We can see that this looks a lot like the definition of a monoid, and for good reason: a monoid is “just” a (small) category with a single object. Walk through the definitions and say that there’s only one object. You’ll see that every morphism has the same source and target, so they can all be composed with each other. Then we’ve got a set of morphisms equipped with an associative composition with an identity element — a monoid!

The most commonly seen use of categories is to describe other algebraic structures. The standard example here (which will motivate much of our later definitions) is \mathbf{Set}: the category of sets. This has as objects the class of all sets (which can’t itself be a set). The morphisms \hom_\mathbf{Set}(X,Y) are all functions f:X\rightarrow Y.

Similarly, we have the categories \mathbf{Grp} — groups — \mathbf{Ring} — rings with identity — R-\mathbf{mod} — left R-modules — and so on. Each of these categories has as objects the class of all the apropriate algebraic structures, and as morphisms all homomorphisms of those structures.

As a more concrete example, consider a ring R with unit. We construct a small category \mathbf{Mat}_R as follows: take as objects the set \mathbb{N} of natural numbers. The morphisms \hom_{\mathbf{Mat}_R}(m,n) are all m\times n matrices with entries in R. The composition is regular matrix multiplication, and the identity on the object n is the n\times n identity matrix.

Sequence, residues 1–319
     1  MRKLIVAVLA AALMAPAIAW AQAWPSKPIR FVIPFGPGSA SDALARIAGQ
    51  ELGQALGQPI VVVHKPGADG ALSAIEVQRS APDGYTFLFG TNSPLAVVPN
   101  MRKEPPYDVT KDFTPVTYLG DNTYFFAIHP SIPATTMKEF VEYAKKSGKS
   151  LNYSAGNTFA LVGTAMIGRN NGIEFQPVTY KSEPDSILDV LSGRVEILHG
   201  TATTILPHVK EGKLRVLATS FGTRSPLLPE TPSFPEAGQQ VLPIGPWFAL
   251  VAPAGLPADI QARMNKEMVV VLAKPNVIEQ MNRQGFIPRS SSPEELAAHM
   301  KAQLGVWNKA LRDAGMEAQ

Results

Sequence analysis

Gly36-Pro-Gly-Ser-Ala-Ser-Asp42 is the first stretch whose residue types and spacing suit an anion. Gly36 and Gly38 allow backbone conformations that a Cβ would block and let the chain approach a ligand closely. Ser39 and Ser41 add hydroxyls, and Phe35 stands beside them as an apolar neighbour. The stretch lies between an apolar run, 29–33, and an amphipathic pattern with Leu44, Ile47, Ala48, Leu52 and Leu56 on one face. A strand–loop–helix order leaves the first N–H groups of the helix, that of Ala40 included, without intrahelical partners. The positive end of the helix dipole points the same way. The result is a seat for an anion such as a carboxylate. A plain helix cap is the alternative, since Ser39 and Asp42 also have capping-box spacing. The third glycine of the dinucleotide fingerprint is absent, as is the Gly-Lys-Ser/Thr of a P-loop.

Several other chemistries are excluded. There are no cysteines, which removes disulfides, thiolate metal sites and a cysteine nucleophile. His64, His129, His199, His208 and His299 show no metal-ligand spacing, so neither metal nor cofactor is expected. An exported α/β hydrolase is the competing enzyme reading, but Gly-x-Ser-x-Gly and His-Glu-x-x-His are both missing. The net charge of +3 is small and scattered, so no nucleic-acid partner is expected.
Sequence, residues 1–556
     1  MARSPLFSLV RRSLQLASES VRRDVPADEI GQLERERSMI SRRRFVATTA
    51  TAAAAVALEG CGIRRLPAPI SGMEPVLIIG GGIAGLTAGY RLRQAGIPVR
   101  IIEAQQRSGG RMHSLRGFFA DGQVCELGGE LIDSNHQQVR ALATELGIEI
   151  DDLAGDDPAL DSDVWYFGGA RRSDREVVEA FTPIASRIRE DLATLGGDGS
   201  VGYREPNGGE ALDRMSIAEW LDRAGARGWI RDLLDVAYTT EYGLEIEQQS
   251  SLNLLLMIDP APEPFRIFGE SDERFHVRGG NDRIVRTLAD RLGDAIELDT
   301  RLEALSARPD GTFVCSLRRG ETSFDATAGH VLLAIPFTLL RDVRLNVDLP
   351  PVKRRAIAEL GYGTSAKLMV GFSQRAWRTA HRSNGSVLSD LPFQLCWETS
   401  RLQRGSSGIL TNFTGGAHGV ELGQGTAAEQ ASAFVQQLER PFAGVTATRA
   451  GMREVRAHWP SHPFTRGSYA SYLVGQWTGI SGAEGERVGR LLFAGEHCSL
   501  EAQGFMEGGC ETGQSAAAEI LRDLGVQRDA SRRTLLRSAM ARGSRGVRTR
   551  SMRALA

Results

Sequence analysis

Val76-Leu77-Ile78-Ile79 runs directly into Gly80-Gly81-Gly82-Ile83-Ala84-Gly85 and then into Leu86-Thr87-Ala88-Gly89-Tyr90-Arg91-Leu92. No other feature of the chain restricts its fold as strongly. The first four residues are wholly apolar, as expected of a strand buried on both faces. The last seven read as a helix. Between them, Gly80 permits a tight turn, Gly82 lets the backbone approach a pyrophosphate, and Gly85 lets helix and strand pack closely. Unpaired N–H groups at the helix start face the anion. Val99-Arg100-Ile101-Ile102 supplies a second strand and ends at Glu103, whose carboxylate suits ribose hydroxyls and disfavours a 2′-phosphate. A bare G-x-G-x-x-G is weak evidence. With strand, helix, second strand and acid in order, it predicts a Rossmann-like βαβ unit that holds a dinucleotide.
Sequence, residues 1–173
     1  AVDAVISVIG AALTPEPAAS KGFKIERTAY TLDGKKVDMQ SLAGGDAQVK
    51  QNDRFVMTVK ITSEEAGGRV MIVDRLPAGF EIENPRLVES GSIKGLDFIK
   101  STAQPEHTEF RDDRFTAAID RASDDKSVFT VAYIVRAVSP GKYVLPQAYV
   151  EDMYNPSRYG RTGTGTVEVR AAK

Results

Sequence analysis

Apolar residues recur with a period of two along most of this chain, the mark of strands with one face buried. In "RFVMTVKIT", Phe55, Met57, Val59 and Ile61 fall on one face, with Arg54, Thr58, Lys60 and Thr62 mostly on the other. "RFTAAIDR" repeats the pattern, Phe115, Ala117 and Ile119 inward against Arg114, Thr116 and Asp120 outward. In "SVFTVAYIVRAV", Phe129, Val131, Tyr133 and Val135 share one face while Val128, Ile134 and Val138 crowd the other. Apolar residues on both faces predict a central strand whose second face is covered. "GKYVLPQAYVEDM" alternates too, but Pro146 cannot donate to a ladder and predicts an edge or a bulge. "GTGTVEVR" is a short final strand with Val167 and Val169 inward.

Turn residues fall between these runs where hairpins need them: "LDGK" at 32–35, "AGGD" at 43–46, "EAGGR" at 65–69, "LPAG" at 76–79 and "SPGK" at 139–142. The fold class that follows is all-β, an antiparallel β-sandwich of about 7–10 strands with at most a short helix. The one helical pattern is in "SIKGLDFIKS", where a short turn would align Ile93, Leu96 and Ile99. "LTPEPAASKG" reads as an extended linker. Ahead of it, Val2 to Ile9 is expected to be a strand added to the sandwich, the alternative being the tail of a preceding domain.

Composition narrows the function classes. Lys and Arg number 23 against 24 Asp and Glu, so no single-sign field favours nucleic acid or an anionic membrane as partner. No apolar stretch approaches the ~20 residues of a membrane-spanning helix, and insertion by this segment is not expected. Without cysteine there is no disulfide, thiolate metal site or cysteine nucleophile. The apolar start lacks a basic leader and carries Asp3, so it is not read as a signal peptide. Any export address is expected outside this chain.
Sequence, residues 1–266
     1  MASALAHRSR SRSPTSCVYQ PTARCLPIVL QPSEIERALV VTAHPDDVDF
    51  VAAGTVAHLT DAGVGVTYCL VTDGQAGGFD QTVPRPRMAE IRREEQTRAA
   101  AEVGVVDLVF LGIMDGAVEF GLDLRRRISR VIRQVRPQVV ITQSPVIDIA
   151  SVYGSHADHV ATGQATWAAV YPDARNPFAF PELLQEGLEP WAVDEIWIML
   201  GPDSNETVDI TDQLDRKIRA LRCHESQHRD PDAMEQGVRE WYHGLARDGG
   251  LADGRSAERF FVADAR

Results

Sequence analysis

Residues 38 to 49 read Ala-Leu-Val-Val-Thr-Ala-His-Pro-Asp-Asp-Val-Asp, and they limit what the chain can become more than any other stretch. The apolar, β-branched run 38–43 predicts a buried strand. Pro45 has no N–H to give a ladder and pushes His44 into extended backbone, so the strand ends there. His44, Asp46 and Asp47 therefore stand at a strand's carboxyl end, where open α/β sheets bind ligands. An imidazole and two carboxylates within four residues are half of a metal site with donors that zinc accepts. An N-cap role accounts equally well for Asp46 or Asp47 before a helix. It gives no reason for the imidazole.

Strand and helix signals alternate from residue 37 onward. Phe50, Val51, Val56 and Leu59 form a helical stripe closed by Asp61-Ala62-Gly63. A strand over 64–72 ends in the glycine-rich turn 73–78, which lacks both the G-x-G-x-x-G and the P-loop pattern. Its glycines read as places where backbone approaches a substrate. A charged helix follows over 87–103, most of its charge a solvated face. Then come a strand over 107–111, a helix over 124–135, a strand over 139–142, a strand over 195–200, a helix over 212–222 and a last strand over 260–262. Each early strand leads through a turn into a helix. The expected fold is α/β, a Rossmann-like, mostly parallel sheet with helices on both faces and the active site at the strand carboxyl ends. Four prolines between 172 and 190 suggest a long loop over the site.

Another great example of a category is a preorder. Given a preorder (P,\leq) we take the set of elements P as the objects of our category. Then we say that there is a single morphism in \hom_P(x,y) if x\leq y and no morphisms in the hom-set otherwise. Reflexivity tells us that there is a morphism in \hom(x,x) for every object x which can serve as an identity, and transitivity tells us that if there’s a morphism in \hom(x,y) and one in \hom(y,z), then there’s one in \hom(x,z) which can serve as their composite.

For a good while we’ll be giving a lot of definitions of concepts in the language of categories, usually motivated from the category of sets. Category theory gets a bad rap as involving a lot of definitions, but the language really does streamline a lot of thought about mathematics, so it’s worth picking up a basic fluency. Everything I’ll define in this first series I’ve actually already given good examples of in special cases, so the motivation should be apparent. We’ll see them coming up again and again in later work, which (I hope) will help lead to a comprehension of later mathematical concepts by analogy from the simpler concepts in algebra.